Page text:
Sunday, October 27: This morning we have an early breakfast buffet at the Hampton Inn in Staunton, where we spent the night; we’re on the road by 8 a.m. Our goal is to drive around the little town of Staunton and then head north, getting on the Skyline Drive from Route 211 at the Thornton Gap Entrance Station. Mike reasons that if we get an early start and we head from south to north, we won’t hit the crowds that come in droves at this time of year from northern Virginia.
First we drive around Staunton which is a very cute town indeed, but I don’t take many pictures because we want beat the hordes of visitors to the mountains. After all, it does seem to be close to the peak for leaf color, if not slightly past peak. The weather is fabulous: though it’s cloudy this morning, sunshine and a cool and breezy 63 degrees are promised. That means everyone in the state of Virginia will be heading to Shenandoah National Park.
I love the old houses and hilly neighborhoods in the town, many of which are all decked out for Halloween. Staunton is a significantly larger town than Lexington (where we had dinner last night) with its nearly 25,000 people, compared to Lexington’s nearly 7,000. Staunton is known for being the birthplace of Woodrow Wilson, the 28th U.S. president, and the home of Mary Baldwin College, historically a women’s college. The city is also home to the Virginia School for the Deaf and Blind (Wikipedia: Staunton, Virginia).
We drive through a number of small towns on our way to the entrance to the park, and then we pay the $15/car entrance fee. Luckily, from this entrance and at this time of morning, there is barely a line, so we get right on the Skyline Drive and head north.
According to the National Park Service, the Skyline Drive runs 105 miles north and south along the crest of the Blue Ridge Mountains in Shenandoah National Park and is the only public road through the park. You can enter Shenandoah at four places: Front Royal near Rt. 66 and 340, Thornton Gap at Rt. 211 (where we enter), Swift Run Gap at Rt. 33, and Rockfish Gap at Rt. 64 and Rt. 250 (also the northern entrance to the Blue Ridge Parkway). It takes about three hours to travel the entire length of the park on a clear day.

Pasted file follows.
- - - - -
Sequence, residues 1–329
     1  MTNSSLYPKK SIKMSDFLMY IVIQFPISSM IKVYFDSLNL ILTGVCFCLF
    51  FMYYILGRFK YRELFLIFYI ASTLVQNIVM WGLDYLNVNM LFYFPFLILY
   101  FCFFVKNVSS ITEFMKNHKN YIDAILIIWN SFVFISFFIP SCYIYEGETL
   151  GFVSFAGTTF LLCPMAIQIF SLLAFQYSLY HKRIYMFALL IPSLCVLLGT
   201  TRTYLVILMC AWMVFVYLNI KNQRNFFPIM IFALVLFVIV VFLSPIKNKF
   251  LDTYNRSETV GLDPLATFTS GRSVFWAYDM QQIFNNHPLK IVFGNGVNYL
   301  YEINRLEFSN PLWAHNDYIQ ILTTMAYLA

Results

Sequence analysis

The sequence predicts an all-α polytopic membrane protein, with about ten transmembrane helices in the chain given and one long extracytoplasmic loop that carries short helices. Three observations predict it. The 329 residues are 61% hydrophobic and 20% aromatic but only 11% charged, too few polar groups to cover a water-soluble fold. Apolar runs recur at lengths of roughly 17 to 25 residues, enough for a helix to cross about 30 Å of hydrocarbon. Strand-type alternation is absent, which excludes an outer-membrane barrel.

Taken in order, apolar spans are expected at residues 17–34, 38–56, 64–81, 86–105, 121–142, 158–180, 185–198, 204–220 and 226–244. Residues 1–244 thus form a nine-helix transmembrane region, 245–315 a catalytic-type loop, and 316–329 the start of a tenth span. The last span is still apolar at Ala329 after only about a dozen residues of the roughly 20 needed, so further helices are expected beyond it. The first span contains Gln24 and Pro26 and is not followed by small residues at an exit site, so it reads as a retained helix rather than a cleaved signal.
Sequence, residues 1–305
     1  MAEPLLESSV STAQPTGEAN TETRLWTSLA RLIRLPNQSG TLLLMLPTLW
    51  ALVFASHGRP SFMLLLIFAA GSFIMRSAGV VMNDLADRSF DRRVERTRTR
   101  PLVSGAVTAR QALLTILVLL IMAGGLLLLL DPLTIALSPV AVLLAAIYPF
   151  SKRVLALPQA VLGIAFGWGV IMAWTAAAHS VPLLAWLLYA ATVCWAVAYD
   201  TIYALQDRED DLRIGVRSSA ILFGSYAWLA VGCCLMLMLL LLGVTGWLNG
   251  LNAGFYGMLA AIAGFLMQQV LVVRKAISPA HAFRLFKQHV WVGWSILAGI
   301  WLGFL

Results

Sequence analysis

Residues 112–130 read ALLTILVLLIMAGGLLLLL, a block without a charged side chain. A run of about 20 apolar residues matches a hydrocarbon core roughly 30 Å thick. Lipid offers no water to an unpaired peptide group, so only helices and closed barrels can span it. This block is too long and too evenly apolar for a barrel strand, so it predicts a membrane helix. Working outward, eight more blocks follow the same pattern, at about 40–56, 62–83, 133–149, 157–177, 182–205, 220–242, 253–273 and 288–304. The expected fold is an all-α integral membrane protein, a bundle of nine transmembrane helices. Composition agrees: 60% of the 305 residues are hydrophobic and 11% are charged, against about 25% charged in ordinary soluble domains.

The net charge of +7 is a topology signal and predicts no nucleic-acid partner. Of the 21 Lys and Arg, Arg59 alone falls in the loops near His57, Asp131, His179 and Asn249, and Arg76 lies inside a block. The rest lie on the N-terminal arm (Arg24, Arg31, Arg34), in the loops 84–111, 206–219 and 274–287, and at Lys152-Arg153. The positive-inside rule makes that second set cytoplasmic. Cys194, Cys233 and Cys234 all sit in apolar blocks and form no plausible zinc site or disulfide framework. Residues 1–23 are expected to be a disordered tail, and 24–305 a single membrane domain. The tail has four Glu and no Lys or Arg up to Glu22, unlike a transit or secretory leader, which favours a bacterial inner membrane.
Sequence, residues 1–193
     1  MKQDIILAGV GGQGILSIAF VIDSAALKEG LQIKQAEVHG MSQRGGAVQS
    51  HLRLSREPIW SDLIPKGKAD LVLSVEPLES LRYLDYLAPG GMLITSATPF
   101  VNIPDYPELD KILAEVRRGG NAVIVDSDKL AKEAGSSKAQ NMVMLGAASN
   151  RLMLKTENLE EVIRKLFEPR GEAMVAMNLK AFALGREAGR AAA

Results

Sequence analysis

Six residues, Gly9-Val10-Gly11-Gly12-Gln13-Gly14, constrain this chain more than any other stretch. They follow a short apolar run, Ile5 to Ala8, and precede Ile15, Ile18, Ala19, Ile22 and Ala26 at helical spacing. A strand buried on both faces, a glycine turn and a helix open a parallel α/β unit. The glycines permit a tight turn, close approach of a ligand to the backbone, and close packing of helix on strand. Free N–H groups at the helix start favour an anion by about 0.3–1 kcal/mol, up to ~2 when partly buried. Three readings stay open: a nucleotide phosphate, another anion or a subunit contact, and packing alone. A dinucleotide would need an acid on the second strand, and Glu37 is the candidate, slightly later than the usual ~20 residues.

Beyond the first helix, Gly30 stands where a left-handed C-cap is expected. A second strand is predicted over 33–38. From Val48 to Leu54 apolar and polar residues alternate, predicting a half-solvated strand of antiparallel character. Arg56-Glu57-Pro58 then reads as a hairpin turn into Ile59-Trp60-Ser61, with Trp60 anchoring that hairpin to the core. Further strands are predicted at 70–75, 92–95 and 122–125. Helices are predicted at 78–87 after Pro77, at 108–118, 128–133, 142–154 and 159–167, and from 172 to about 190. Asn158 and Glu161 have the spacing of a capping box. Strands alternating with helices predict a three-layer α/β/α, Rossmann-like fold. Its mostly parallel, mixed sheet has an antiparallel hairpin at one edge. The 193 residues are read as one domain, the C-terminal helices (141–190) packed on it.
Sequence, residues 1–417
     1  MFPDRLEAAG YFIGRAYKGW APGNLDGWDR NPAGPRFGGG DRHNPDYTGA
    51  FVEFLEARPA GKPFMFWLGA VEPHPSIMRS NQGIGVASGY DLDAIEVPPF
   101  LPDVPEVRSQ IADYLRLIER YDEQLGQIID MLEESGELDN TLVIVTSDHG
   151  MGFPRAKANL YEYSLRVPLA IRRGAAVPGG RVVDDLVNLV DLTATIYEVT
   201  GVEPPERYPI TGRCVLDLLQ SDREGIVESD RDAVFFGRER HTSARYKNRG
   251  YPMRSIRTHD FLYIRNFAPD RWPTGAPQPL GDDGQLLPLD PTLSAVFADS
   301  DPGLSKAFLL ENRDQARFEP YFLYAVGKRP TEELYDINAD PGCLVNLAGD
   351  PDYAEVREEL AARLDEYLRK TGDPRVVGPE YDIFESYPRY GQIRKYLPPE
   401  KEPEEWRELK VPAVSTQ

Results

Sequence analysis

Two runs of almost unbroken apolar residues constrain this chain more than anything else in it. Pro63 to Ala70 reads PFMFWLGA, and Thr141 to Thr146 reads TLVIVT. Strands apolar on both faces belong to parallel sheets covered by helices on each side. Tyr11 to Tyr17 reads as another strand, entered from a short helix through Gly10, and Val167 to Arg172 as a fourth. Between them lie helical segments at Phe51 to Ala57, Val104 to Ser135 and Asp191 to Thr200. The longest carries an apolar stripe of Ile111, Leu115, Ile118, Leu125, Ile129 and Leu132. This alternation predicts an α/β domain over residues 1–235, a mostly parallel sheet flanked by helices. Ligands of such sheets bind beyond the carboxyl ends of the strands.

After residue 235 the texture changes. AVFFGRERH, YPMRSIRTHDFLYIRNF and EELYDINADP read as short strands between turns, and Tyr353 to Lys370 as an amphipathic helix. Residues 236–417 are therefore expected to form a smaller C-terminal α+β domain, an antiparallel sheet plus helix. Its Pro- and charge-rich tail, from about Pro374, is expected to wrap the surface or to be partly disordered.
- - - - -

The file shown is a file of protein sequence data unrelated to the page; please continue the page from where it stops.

There are 75 overlooks that offer stunning views of the Shenandoah Valley to the west or the rolling Piedmont to the east. The park purposely leaves the roadsides unmowed so wildflowers put on a show all year long. In early spring you can see trillium peeking through the grass. June’s display of azaleas is spectacular, and cardinal-flower, black-eyed Susans and goldenrod keep the color coming right into fall.
Click on any of the images below for a full-sized slide show.
We come across a magical yellow and green forest, where people have pulled off along the side of the road and are wandering under the tall canopy of trees as if in a dream. The forest is mesmerizing because of the very sparse undergrowth, the canopy of gold reaching to the heavens, and the sunlight streaming through the trees.
I’m so happy to be in the mountains for my birthday weekend. After two years of being in Oman, where fall is basically nonexistent, this breathtaking foliage and amazing views are the best birthday gift of all. 🙂
Finally, as we leave the park at the northern Front Royal entrance, we see a long line of cars waiting to get into the park: the northern Virginia contingent. Thank goodness we were already staying in the south and heading north so we were able to avoid these long lines! A perfect ending to a perfect birthday. 🙂